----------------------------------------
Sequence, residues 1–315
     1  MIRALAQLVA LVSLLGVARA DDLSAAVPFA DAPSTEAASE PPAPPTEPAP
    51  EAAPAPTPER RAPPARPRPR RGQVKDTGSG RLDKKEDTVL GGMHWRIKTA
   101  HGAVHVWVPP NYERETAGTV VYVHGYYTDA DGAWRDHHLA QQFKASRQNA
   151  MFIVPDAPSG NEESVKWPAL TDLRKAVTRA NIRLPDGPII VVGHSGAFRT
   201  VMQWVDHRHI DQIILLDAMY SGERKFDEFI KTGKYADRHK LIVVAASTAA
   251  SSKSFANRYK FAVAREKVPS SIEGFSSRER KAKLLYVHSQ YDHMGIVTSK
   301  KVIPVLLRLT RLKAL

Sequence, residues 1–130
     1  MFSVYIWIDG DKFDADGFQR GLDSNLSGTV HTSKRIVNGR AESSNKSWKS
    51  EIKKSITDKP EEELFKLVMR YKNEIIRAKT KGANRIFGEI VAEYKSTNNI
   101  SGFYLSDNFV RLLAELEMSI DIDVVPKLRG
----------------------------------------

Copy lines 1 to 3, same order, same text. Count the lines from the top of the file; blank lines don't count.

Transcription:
Sequence, residues 1–315
     1  MIRALAQLVA LVSLLGVARA DDLSAAVPFA DAPSTEAASE PPAPPTEPAP
    51  EAAPAPTPER RAPPARPRPR RGQVKDTGSG RLDKKEDTVL GGMHWRIKTA